How are cattle farmers educated and trained?

Posted: February 13, 2019

Q: How are cattle farmers educated and trained on animal practices, food safety and quality?

A: I am certified through the Beef Quality Assurance program, with principles of best management practices and safe operating procedures designed to meet U.S. food production standards.

Beef Quality Assurance (BQA) is an education program for farmers that ultimately strives to insure safe and wholesome beef and milk products for consumers. Nearly every state has a BQA program. It is a voluntary program, however, some cattle buyers are requiring farmers to have BQA certification.

My first BQA certification event was at Blackhawk Community College five years ago. The focus then was more toward cow-calf producers. They have the challenge of starting young animals by building their immunity, maintaining growth potential and overall herd health. Then it’s our job as feedlot producers to continue herd health as we feed cattle for market.

BQA covers these main topics: 1) Vaccine and drug practices,
2) Implant management, 3) Feed management, 4) Carcass quality, 5) Cow and bull quality, 6) Handling facility, 7) Transportation,
8) Biosecurity, 9) Sick or non-ambulatory animals, 10) Animal and Premise ID, and 11) Recordkeeping.

Much of the information covered thru BQA is considered obvious to most cattle producers. The principles are based on best management practices and standard operating procedures designed to meet U.S. food production standards.

Carcass quality issues affect the value of the meat. Injection sites for vaccines, other than the neck, are discouraged. Meat marbling can be affected by using the wrong implant at the wrong time. Improper energy intake levels from the feed affects the carcass quality as does a poor or missing vaccination/deworming program.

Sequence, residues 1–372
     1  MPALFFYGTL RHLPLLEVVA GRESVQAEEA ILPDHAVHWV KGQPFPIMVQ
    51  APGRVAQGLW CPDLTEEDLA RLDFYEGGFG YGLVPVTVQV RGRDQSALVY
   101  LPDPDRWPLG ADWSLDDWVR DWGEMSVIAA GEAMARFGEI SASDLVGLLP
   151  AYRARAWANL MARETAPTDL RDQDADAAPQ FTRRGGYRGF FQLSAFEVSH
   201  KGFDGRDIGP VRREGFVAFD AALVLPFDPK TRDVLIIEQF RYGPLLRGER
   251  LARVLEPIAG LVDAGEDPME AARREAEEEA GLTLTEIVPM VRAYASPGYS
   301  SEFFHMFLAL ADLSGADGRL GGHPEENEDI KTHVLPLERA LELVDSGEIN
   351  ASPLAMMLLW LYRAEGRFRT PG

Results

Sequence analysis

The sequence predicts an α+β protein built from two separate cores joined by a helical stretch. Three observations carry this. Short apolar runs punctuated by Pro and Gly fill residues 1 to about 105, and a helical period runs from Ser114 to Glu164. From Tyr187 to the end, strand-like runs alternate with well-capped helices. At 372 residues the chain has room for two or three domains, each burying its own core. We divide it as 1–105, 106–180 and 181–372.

Handling facilities make a difference in beef production and come in all shapes and sizes. Smaller producers have a harder time justifying expensive equipment for a few head of beef. So, sharing or borrowing of a squeeze chute/head gate can be more cost effective for sorting and vaccinating cattle. Feedlots that have cattle arriving and leaving daily, weekly, or even monthly tend to have a working tub and alley system with safety in mind for cattle and workers.

Transporting livestock in variable weather conditions has improved greatly. Trailers are vented to allow airflow to circulate thru in hot weather, and vents can be closed or plugged to limit the cold air drafts during extreme cold conditions.

Cleaning of hauling equipment between loads has become more common, especially if cattle have been loaded from a sale barn. Better to be safe than sorry. A good pressure washing and time to dry out, and even an occasional disinfectant spray can help to avoid transferring any number of diseases.

If there was ever to be an outbreak of a potentially devastating cattle disease, BQA lets producers know how they should be prepared and who will be the lead agency for their support. We would quarantine any diseased animals from the rest of the herd and have a veterinarian diagnose the problem.

Ear tags and electronic ID buttons are most useful in tracking the origins of cattle. Good records are necessary in case of a recall of a feed ingredient, implant or drug used on the farm. Dosages, lot numbers, brand name, type of injection or feedstuff administered and withdrawal times are noted in records.

ROY PLOTE – SIXTH GENERATION CATTLE AND GRAIN FARMER, LELAND

Got a question for a farmer?
Submit your farm and food questions to connections@dekalbfarmbureau.org. We will share questions with our local farmers and publish their answers as space allows in upcoming issues of CONNECTIONS.


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